Be prepared for a bushfire emergency

In the lead up to summer, bushfires in Australian occur frequently and with our hot and dry climate, and the current state of drought, it doesn’t take much for bushfires to spread rapidly and to get out of control. Sadly, these horrific fires can have disastrous effects on wildlife and can cause great loss to livestock and pets – especially if there was no animal emergency plan in place.

To help ensure your pets stay safe, especially if you are in a bushfire area or likely to relocate in the case of an emergency, be sure to create a disaster management plan. Being prepared will help keep everyone safe should you need to be evacuated quickly.

As part of your disaster plan, be sure to prepare an animal emergency kit to ensure you have the essentials for your animal if you need to seek temporary accommodation. The kit should include:

  • Dry food and water containers (enough for at least three days)
  • Food and water bowls
  • Leads. collars, harnesses, etc.
  • Poo bags for dogs, cat litter and tray for cats, etc.
  • Cage or carrier appropriate for smaller pets (cat, bird, guinea pig, reptile). Ensure the litter tray in the carrier suits the animal. Label the cage and/or carrier with your contact details.
  • Vaccination certificates, registration certificates
  • First aid items and medications
  • Blankets, towel, and bedding
  • Information sheet including your name and contact details, photo of pet, pet’s name, description and care requirements
  • Toys

How are animals rescued during a bushfire crisis?
In NSW, the Department of Primary Industries (DPI) is the primary agency for animal welfare during any emergency, however, they may delegate responsibilities to other organisations such as the Animal Welfare League NSW Inspectorate due to their emergency training and equipment. DPI has someone assigned to communicate updates to all relevant agencies that have officers at evacuation centres or are running their own animal evacuation centres. AWL NSW also have a strong working relationship with NSW Emergency Services and are often called directly during an emergency to assist their teams with animals in need of assistance.

DPI Fodder and Animal Welfare Assistance
Landholders and community members affected by bushfires requiring assistance with emergency fodder, emergency water, livestock or domestic animal assessment should call the Agricultural and Animal Services Hotline on 1800 814 647.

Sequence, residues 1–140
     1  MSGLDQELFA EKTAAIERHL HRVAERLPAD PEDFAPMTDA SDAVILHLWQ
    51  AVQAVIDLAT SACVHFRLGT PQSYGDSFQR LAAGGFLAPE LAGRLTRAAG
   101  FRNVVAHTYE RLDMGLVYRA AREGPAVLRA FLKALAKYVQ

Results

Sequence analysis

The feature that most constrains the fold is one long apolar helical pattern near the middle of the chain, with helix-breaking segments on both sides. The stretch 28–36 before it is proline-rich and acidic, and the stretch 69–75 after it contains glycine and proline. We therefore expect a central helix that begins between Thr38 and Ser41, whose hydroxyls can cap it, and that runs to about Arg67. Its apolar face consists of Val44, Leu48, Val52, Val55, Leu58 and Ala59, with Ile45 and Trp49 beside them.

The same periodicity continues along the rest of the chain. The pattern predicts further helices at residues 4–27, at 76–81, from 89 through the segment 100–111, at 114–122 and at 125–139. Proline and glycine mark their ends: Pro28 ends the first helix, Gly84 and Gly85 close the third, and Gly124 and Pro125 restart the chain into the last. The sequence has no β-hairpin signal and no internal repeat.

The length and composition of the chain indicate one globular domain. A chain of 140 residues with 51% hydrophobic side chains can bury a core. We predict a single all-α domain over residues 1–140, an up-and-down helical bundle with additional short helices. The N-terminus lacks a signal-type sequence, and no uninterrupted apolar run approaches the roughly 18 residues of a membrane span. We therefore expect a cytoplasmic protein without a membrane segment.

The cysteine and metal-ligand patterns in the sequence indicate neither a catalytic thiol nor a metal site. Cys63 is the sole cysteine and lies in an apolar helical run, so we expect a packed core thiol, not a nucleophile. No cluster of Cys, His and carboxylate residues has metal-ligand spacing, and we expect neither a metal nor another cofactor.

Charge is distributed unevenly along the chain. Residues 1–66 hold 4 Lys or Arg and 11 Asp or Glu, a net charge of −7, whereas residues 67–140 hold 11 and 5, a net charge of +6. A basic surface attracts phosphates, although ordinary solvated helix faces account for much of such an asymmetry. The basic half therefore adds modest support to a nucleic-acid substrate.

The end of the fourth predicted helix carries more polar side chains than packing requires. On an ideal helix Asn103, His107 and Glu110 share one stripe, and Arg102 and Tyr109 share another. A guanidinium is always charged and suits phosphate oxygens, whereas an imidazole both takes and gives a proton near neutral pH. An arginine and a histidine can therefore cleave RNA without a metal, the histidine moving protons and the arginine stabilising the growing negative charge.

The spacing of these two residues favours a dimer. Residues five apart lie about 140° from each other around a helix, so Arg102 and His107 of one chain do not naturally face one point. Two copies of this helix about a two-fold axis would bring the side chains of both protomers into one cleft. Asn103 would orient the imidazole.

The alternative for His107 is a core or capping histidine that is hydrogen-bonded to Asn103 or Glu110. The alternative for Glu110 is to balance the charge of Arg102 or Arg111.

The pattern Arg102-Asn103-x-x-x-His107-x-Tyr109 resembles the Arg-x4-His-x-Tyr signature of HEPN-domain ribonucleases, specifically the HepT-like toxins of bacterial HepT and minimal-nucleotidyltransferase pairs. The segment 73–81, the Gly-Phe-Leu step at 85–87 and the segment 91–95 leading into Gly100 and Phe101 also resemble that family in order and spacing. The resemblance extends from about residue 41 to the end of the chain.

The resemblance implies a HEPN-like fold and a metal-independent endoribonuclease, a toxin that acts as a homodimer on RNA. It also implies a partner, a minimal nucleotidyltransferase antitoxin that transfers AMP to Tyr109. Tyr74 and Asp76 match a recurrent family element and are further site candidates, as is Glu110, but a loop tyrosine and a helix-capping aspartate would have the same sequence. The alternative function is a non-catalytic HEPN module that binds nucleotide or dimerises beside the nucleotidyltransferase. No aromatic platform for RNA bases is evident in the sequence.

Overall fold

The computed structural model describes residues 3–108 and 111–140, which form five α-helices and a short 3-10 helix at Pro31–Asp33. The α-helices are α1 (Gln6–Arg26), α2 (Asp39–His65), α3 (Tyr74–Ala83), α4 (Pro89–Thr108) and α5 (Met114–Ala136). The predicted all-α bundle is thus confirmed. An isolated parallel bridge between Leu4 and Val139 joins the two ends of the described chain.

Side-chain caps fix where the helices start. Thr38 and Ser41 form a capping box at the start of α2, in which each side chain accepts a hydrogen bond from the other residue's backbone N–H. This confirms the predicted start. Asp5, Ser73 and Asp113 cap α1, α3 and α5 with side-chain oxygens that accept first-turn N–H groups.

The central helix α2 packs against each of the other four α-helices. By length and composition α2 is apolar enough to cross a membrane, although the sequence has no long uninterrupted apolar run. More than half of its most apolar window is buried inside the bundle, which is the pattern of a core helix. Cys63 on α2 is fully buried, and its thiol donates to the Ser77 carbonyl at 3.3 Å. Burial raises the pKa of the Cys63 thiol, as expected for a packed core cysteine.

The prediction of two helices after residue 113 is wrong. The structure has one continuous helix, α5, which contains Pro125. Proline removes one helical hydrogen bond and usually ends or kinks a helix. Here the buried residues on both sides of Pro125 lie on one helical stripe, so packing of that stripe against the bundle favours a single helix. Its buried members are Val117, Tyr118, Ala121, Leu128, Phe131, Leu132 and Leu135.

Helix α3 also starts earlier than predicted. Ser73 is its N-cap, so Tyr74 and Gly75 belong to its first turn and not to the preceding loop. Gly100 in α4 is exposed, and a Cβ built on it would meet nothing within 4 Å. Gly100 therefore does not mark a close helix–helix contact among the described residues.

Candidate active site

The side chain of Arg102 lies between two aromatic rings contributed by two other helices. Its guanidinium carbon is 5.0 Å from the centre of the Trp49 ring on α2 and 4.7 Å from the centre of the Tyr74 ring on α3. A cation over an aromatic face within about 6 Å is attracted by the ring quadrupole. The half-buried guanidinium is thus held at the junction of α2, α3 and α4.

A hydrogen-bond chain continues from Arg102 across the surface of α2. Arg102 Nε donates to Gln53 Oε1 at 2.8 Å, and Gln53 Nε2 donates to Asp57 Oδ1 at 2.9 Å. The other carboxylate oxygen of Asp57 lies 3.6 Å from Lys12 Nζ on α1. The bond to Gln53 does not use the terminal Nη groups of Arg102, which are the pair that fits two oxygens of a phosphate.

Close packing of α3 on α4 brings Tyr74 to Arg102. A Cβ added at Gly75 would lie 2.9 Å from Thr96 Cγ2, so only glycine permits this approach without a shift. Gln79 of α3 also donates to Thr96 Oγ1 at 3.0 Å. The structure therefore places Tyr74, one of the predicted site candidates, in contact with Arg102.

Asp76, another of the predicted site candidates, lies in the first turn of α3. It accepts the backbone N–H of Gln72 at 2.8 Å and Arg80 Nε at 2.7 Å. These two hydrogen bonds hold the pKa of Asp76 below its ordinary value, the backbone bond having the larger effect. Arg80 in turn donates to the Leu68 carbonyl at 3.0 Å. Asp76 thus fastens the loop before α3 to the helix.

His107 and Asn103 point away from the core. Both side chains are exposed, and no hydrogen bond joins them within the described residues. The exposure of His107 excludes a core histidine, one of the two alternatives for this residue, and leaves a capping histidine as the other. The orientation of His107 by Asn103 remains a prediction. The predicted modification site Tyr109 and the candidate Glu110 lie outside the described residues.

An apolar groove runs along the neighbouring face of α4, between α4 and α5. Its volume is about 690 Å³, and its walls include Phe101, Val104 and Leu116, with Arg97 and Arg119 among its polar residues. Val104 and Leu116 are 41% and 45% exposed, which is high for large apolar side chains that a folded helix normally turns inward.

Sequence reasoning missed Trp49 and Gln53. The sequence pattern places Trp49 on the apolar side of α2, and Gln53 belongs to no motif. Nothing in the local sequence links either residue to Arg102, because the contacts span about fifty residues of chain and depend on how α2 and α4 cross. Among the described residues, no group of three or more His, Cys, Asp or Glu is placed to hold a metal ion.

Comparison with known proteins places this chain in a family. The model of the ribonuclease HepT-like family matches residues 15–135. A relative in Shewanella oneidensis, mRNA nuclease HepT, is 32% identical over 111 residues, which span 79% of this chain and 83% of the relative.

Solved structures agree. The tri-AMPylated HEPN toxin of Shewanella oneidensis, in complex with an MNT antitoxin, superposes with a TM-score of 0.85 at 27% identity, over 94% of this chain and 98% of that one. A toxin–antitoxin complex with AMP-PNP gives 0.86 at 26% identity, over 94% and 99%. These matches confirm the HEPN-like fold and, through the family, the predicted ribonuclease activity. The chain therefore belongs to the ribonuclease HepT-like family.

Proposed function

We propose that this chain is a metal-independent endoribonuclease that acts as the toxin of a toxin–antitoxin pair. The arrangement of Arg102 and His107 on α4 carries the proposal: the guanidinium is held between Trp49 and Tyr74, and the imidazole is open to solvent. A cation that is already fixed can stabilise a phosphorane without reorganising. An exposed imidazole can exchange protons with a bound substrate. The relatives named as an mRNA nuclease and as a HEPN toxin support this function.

The Agricultural and Animal Services Functional Area (AASFA) is supporting primary producers and communities impacted by the fires in the States northeast. Staff from NSW Department of Primary Industries and Local Land Services are supporting the Rural Fire Service across all fires. For those impacted and seeking assistance for emergency fodder, emergency water (for immediate animal welfare cases only), animal care (evacuations) or animal assessment (resulting from the fires) please contact the AASFA Hotline on 1800 814 647.

How to assist wildlife in bushfire events
If you find an injured native animal, please contact WIRES. During bushfires, WIRES are on standby to get onto fire grounds when the RFS declares the area safe as most volunteer organisations are not permitted to enter active fire zones.

WIRES general advice for helping wildlife during bushfires:

  • Take domestic animals with you if you evacuate or keep cats indoors and dogs under control wherever possible so that wildlife can flee safely through your yard if needed.
  • Leave out bowls of water for animals and birds escaping fires, use shallow bowls with a few sticks or stones on one side to allow smaller animals to escape if they fall in.
  • Keep a cardboard box and towel in the boot of your car in case you find an injured animal that you can safely contain without putting yourself in any danger.
  • If you rescue an animal that has been burnt, do not attempt to feed it, please wrap it loosely, ideally in 100% cotton fabric, place it in a ventilated box with a lid and keep it in a dark, quiet place whilst waiting for a rescuer or for transport to the nearest vet.
  • If you can safely take injured animals to your nearest vet please do so, as injured animals will require urgent vet assessment. If you can please also call WIRES to let us know which vet you’ve taken the animal to so we can follow up with vet to bring the animals into care when they are ready.
  • Do not approach injured snakes, flying-foxes, large macropods, raptors or monitors as these must be rescued by trained specialists, for these species please call WIRES first for rescue assistance on 1300 094 737.
  • If you own a swimming pool and live near where fires are burning there are some simple things you can do to assist wildlife who may be seeking water. Always drape something over the edge of your pool so that animals have a surface to grab hold of and climb out. A length of heavy-duty rope or even a bodyboard, secured at one end to something heavy outside the pool, is ideal as it does not absorb water and provides a platform for an exhausted animal to rest on. Pool steps are also frequently too high to allow animals an easy exit and placing bricks or large stones to the side of each step can make it easier for animals to gain a foothold and climb out. Always check your pool regularly (twice daily) including in the skimmer box. If you do find any animal trapped in a pool, call WIRES immediately on 1300 094 737 for advice.

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